April 8, 2011 at 10:47 pm (Education, Kids, Student Teaching) (, , , , , , , , , , , , )

So at an unnamed school at an unnamed time I was working with some unnamed students.

There’s one that cries. A lot. At first I felt bad. Then I realized this kid would cry if you gave them candy and they’d cry just the same if you kicked them out of the classroom. There’s your background.

So we’re working on reading basic words, being able to decode the graphemes and recognize the phonemes, putting them together as words. I have a fat stack of word flashcards and I go from student to student working with them on sight word identification and decoding. Every time I got to this student, I could not for the life of me hear a sound they said (and I swear, it’s not just because I’m turning 30! ). So I smiled, leaned in and said, “I can’t hear you. I know you’re saying sounds, because I see your mouth moving, but I can’t hear a thing. So can you talk louder for me, please?”

And then it happened. The student’s eyes filled over immediately and tears spilled onto the table.

I just looked at the student, shook my head and said, “No. There are no tears here. It is time to stop now. No crying at the reading table.” I think I may have even used the term “pull yourself together” with this poor kid. But then something happened that surprised me.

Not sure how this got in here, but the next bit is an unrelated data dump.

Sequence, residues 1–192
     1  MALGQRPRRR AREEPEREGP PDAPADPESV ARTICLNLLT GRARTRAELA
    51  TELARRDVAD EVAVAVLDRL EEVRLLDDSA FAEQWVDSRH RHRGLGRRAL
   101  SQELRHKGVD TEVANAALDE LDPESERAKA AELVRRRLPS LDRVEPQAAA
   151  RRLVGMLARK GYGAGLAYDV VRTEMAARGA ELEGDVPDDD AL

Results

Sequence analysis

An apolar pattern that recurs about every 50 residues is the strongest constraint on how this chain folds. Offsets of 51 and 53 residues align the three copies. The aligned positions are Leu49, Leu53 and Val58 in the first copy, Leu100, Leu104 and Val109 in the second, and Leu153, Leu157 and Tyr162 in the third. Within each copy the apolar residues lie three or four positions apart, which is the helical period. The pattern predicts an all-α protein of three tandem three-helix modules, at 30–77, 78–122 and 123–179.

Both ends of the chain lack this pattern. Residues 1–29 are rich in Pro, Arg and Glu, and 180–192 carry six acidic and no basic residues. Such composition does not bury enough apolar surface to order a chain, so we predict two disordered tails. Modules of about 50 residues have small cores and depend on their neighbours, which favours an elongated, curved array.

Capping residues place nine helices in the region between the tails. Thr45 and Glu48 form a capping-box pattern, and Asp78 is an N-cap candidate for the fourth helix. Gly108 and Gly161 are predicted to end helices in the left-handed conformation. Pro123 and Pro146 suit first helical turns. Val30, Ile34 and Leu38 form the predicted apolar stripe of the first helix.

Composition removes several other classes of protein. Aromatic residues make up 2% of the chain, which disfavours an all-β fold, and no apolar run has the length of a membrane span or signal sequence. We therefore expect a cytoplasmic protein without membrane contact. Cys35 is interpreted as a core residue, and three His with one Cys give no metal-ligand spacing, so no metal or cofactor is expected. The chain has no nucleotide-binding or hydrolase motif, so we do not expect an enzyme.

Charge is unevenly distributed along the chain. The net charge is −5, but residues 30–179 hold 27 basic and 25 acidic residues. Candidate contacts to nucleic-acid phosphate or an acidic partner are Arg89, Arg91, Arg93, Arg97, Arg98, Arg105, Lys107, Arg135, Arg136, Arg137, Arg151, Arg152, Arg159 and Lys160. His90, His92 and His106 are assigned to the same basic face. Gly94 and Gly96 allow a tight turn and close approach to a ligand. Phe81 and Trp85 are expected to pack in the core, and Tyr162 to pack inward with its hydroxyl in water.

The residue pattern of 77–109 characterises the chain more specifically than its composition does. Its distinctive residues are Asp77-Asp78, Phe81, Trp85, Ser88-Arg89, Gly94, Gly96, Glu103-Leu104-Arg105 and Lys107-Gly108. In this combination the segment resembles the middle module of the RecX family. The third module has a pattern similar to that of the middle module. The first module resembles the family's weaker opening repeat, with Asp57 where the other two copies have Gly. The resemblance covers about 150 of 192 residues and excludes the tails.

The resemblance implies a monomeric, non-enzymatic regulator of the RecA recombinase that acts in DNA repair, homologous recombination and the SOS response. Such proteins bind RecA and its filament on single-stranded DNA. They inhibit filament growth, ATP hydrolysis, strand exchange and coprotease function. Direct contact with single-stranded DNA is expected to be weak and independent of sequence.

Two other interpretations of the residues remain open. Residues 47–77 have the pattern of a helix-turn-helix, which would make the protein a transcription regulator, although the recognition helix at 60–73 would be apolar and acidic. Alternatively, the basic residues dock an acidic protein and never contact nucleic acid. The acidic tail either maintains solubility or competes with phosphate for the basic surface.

Quick as a flash, the student wiped the tears off the table and rubbed them out of their eyes. Looking at me very calmly and seriously, the student began a serious clarification: “Oh, I wasn’t crying; those were allergies.” There was no sign in the student’s very serious face that this was a cover up. I’m not going to blow it for them.

What else could I do? I nodded, leaned forward, patted the student’s arm and said understandingly, “You know what? I have ‘allergies’ too sometimes.”

To be perfectly fair, I don’t think the student knew that in my mind allergies had quotations around them. It was a sweet moment.

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